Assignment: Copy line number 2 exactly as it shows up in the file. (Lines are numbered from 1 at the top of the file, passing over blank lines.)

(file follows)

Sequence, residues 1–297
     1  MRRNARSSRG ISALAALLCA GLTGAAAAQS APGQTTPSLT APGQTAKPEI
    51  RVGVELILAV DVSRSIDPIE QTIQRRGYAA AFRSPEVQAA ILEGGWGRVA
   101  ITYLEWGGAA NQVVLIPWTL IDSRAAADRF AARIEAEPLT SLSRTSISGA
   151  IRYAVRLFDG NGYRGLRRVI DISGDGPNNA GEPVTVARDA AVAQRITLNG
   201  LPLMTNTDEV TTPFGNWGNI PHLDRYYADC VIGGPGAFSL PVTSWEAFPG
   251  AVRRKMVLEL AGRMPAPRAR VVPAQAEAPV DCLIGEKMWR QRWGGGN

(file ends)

     1  MRRNARSSRG ISALAALLCA GLTGAAAAQS APGQTTPSLT APGQTAKPEI